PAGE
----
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The rise of manufactories

 
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The foundations of future industrial regions were during the reign of Charles IV.

 
 
Due to the forced withdrawal from international trade during the reign of Charles VI in the 14th century, the focus was on heavily supporting the national economy. Entrepreneurs were granted numerous privileges and interest-free loans. Unified customs rules were created, which replaced the former common protective (and medieval in nature) regional and municipal duties, and introduced single tariffs applicable throughout the monarchy. This significantly improved conditions for trade at least within the Austrian monarchy. Nevertheless, we cannot say it was anything similar to a free market. The volume of exports from the Czech provinces to foreign countries was almost double that to other regions of the monarchy.

There was a certain division in exports from the Czech provinces, where the main export route from Bohemia was along the Elbe (Labe) to the German states, with the main destination being Hamburg. On the other hand, exports from Moravia were mostly southbound to the Black Sea, or used the Oder river system toward the Baltic Sea. Due to the unsuccessful plans to create an Oder-Elbe channel, this obstacle was only overcome by the completion of “imperial roads,” which represented the main transportation system before the introduction of railways.

Manufactories were originally established completely outside the old guild structure; guilds gradually lost their former privileges and positions. Manufactories primarily represented another level of development of the extensive home crafts, in particular cloth-making. In the early phase, manufactories had a distributed form. Spinners and weavers lived in villages, mainly in sub-mountainous regions, often in serfdom under their lords. The products were purchased by “factors” (merchant middlemen between entrepreneurs and home workers), who delivered them to warehouses in Lusatia and Silesia. From there, the products were exported through Hamburg to England. Factors were also those who assigned work to local workers. The entire system was organized with major assistance from foreign experts invited by aristocratic businessmen, who had the required capital and sufficient labor force. Actually, the starting conditions in the Czech provinces for industrial production development were relatively good in comparison with other states of the monarchy. The country had the necessary natural resources and a good level of handicraft production.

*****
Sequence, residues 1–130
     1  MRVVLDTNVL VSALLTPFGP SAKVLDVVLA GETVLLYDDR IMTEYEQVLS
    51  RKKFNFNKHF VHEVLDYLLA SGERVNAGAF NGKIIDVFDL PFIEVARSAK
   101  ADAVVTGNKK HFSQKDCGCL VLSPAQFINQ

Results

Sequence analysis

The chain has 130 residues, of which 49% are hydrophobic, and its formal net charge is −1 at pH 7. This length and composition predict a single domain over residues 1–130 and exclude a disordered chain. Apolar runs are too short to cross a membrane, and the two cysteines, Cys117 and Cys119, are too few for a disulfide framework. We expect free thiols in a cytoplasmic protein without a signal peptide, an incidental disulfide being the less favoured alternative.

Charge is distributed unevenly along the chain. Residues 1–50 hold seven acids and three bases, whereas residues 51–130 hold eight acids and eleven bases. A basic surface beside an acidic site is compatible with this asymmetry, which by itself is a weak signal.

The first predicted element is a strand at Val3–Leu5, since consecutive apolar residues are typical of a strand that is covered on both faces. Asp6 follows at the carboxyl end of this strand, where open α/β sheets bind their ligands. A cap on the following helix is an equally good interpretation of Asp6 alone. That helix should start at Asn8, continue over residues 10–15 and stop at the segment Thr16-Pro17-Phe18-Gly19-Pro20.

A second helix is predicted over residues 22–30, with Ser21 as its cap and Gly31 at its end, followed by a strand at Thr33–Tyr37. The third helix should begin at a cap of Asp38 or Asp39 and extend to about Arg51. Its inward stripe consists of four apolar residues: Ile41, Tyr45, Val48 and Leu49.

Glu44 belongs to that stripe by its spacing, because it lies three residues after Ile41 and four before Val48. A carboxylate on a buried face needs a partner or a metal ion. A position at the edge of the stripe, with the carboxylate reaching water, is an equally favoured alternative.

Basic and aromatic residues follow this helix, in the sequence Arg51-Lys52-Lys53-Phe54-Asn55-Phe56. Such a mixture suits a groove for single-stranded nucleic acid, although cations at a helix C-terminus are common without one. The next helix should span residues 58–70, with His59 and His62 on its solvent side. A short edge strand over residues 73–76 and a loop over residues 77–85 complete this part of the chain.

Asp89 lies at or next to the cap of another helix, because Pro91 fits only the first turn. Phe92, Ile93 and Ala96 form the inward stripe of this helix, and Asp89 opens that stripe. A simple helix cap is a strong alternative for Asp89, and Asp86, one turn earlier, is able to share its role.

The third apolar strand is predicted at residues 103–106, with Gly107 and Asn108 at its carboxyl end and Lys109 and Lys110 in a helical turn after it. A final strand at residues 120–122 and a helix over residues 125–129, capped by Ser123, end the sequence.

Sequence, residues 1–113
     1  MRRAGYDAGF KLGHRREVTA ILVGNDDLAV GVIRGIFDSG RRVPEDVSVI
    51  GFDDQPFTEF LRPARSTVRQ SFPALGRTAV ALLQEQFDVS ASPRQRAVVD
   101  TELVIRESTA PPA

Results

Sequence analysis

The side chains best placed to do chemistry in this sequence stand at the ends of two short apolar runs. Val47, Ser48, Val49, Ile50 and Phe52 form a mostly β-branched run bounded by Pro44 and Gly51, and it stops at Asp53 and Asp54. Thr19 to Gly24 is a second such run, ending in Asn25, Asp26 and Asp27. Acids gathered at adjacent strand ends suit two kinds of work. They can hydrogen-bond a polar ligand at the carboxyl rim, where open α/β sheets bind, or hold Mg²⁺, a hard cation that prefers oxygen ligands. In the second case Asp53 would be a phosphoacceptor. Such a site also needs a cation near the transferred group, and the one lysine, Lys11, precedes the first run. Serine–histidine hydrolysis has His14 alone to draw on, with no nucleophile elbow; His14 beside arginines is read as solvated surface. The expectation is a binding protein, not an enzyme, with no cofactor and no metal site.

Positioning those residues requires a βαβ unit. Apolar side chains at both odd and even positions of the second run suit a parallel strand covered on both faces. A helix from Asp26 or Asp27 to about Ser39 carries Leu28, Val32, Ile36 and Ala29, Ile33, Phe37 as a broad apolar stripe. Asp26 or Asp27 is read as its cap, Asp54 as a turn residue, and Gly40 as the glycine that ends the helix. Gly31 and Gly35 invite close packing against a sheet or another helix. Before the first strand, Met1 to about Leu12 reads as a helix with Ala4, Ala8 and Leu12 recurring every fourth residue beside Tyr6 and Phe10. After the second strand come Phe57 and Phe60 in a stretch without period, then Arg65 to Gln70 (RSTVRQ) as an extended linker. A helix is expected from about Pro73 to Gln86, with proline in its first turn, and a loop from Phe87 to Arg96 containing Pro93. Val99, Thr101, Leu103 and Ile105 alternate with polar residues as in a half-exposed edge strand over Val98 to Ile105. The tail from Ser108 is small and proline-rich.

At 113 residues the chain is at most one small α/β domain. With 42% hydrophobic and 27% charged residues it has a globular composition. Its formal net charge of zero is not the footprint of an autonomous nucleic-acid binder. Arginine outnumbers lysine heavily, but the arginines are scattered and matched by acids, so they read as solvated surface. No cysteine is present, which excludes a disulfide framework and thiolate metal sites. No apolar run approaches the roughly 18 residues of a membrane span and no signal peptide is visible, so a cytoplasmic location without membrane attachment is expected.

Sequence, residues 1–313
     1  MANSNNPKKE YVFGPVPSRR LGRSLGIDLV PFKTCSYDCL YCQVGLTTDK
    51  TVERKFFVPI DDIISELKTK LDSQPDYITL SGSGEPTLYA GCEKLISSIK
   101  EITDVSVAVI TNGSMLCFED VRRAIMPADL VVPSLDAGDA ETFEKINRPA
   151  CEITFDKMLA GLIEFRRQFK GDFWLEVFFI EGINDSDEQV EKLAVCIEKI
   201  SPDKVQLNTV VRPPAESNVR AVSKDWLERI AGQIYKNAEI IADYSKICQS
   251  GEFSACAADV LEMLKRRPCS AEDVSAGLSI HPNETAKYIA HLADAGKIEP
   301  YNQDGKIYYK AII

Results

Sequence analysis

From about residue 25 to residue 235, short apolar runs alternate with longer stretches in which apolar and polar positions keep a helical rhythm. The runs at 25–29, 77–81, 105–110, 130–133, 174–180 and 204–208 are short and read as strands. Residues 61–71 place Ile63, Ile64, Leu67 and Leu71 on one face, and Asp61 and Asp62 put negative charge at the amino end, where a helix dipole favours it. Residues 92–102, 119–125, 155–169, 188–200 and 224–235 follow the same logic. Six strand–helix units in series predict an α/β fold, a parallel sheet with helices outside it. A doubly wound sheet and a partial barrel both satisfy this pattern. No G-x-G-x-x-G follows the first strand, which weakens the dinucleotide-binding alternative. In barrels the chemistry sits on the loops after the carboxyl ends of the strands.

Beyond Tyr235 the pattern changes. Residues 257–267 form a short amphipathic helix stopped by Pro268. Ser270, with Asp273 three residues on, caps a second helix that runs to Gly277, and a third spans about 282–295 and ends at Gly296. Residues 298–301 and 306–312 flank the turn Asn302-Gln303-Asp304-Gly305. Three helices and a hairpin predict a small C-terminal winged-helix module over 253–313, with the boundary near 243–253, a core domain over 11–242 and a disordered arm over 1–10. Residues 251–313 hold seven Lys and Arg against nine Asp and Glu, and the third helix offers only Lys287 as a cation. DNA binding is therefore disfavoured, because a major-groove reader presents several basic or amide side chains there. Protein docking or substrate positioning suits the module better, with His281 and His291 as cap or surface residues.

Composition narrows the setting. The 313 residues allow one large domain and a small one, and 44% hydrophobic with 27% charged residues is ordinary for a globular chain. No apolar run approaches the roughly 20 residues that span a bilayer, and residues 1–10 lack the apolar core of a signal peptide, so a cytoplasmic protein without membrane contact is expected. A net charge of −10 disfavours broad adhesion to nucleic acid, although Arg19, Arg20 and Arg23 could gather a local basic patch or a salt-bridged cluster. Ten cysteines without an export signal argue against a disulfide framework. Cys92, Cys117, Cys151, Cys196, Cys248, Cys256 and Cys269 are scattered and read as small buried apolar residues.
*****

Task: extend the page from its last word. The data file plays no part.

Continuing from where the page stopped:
Textile production further developed into centralized manufactories, where production phases were no longer divided into mutually linked and locally distributed workshops; production was concentrated in one place. The first manufactory of this kind produced cloth in Horní Litvínov; it was founded by John Joseph of Wallenstein in 1693. An invited specialist from Saxony in Germany helped establish another manufactory for stockings in Osek at the local monastery in 1695. Glass-making was another industry that experienced a great boom at that time, in particular in arboreous and sub-mountainous regions (Jizerské Mountains and Šumava). These areas provided the raw material used to produce glass (siliceous sand) and in particular enough wood for the production of the charcoal that was required for the glass ovens. According to documents preserved from that time, Czech crystal was of equal quality to Venetian glass, and represented one of the main exported articles. Due to its price, which was lower than that of the well-established Venetian production, Czech crystal found markets not only in the Balkan states but also in the developed countries of Western and Southern Europe.

In the 18th century, other industries that developed significantly included the production of sugar, porcelain (Horní Slavkov), and paper. It is interesting that the foundations of future industrial regions were already laid at that time. And since the initial machine production required water power, the centres of these industries were formed in regions with suitable natural conditions – along small yet fast rivers (the Jizera, the upper section of the Morava, the Elbe, the Oder and partially also the Vltava and other rivers). These regions included primarily the regions below the mountain ranges in North Bohemia and North Moravia, where the prevailing production specialized in cloth, glass, early foundries and machinery production. Although water power was later replaced by steam engines, these regions still preserved their “industrial character.” The production range over time partially changed. Due to the Napoleonic Wars and the related continental blockade, the traditional export industries such as the production of cloth and glass faced a decline. On the other hand, new fields of production appeared. Due to the total absence of imports, mainly from England, the national production of cotton, cotton cloth and iron began to expand, i.e. articles that were until then nearly exclusively covered by imports.

 
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Added: 01.01.2010
 
 
 

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